7. I’m so happy your bottom line was to read it and that you mentioned the first 60% was slow. My book arrived today, and I might have DNF’d it if it’s that slow for that long. I’m glad to know something exciting is waiting for me in the end.

    Posted 9.15.15 Reply
    • admin wrote:

      I absolutely would have if I didn’t know going in that there was a turn!

      Posted 9.15.15 Reply
  8. Catherine wrote:

    Well done and I don’t disagree. Lotto was boring- I would rather have followed Antoinette’s descent into…whatever. For me, it was the feat of rallying from a blah book into something that I could NOT put down and whose writing I found to be mesmerizing that made it 5 stars. In some ways, it reminded me of A Little Life without the excruciating physical pain.

    Posted 9.15.15 Reply
    • admin wrote:

      I agree – Lotto was just kind of surface! Interesting…your comparison to A Little Life has me thinking! That definitely didn’t occur to me as I was reading, but I can kind of see it now (secrets in relationships, hiding your past, etc). I loved your review…so eloquent!

      Posted 9.16.15 Reply
  9. susan wrote:

    I’m not sure this one is for me after reading your section on What I Didn’t Like. (the slog particularly.) Though I’m a bit conflicted as I’ve heard she is an amazing writer. Apparently NPR just picked it for its book club read this month and author Richard Russo was talking up this novel very highly. hmm. Sounds like a 2nd half read!

    Posted 9.16.15 Reply
  10. I think you ask a very interesting question about how your expectations influence your reading experience! I feel as though some books manage to hold up to high expectations, but in other cases I wonder if I felt more let-down by a decent book because I expected something spectacular.

    Posted 9.17.15 Reply
  11. This is exactly why I don’t like to read wildly popular books when they’re wildly popular – if I’m less than impressed I don’t know if it’s my high expectations or the book itself and because you can only ever read a book for the first time once, I’ll NEVER KNOW! And that, my friend, is not okay with me. That said, Groff and I are from the same town and I’m definitely going to read this but I will probably wait a bit until the National Book Award coverage dies down (which is why I’m glad I read the Ta-Nehisi Coates book two weeks BEFORE it was listed as a finalist).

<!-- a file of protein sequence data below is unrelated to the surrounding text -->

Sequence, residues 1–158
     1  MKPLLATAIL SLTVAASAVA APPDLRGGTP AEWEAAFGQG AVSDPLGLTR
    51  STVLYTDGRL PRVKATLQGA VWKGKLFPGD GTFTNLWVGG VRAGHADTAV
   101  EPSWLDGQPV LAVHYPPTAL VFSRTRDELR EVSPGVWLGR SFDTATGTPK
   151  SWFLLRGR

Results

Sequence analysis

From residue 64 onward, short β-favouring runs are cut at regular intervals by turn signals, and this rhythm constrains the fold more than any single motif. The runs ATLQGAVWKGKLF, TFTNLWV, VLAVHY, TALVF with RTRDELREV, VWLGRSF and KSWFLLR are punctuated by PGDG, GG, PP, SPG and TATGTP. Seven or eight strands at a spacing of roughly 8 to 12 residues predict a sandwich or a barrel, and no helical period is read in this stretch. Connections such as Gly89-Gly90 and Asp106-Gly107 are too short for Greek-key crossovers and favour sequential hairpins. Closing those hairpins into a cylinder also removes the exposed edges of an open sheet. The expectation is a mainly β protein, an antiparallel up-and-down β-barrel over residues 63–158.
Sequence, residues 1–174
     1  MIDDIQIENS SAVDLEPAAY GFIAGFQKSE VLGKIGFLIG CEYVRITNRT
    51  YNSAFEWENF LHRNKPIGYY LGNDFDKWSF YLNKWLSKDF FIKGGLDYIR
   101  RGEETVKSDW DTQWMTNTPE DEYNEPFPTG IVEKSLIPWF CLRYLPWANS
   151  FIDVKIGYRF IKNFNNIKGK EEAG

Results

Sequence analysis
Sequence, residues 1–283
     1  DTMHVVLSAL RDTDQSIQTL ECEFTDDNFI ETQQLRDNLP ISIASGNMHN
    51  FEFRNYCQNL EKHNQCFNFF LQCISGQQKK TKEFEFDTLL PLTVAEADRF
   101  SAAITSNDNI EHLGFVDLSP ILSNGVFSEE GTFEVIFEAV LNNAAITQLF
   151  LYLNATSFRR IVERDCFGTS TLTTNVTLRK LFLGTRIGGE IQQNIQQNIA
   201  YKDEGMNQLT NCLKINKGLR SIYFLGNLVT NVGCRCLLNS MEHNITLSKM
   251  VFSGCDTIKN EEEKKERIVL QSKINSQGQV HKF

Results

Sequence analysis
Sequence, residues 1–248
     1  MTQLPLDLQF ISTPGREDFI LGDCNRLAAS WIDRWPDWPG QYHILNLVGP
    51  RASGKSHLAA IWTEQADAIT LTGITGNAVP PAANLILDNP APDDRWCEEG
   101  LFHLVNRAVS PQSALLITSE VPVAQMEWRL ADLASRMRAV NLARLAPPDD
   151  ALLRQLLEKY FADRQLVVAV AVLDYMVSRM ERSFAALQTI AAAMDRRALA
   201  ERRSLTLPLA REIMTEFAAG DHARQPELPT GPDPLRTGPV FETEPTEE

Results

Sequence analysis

Posted 9.20.15 Reply
  12. Naomi wrote:

    I am reading this book right now, and am still only near the beginning of Lotto’s section. It’s good, but your review explains a lot. I was wondering when it would pick up, and I have also not been too keen on Lotto as a person. Everything that happens in their marriage just makes me wonder what Mathilde could be thinking about all this. I will definitely keep reading – I’m so curious about how it all ends up now! Love your review!

    Posted 9.25.15 Reply
    • admin wrote:

      Thanks so much! I agree – Lotto was a bit of a surface level character to me. But, try to hang on if you can because the Furies section really is fantastic! I’ll be interested to hear your thoughts once you finish!

      Posted 9.25.15 Reply
  13. Rona wrote:

    Your analysis matches mine. I just finished and wrote a review that it started very slow and was hard to connect to for a while. Overall I am glad I read it, but after reading the Slates review and realizing the absurdity of her life, it doesn’t sit as well with me. Also, I wasn’t happy with how similar the one plot point was to The Wife. Maybe I’m not happy overall with the idea that brilliant women manipulate hapless men to be successes.

    Posted 2.6.16 Reply
    • admin wrote:

      Well, I now need to go read the Slates review! And I thought about The Wife (which I loved) also, but didn’t want to go into that in my review. A bit spoiler-y.

      Posted 2.8.16 Reply
  14. Jennifer wrote:

    I just finished this book and feel a little conflicted by it, as well, but I did enjoy it more than not. I also almost put it down several times during the first half, but I think what kept me going was that I felt like I was reading a work of art, even when the story itself seemed a little dull. I was left with a few unanswered questions at the end, but overall I would recommend reading it.

    Posted 2.21.16 Reply
    • admin wrote:

      Yes! Work of art is a good description! This is one that, in the months since I read it, I’ve thought about re-reading multiple times. It’s definitely stuck with me…despite my frustration with the beginning.

      Posted 2.21.16 Reply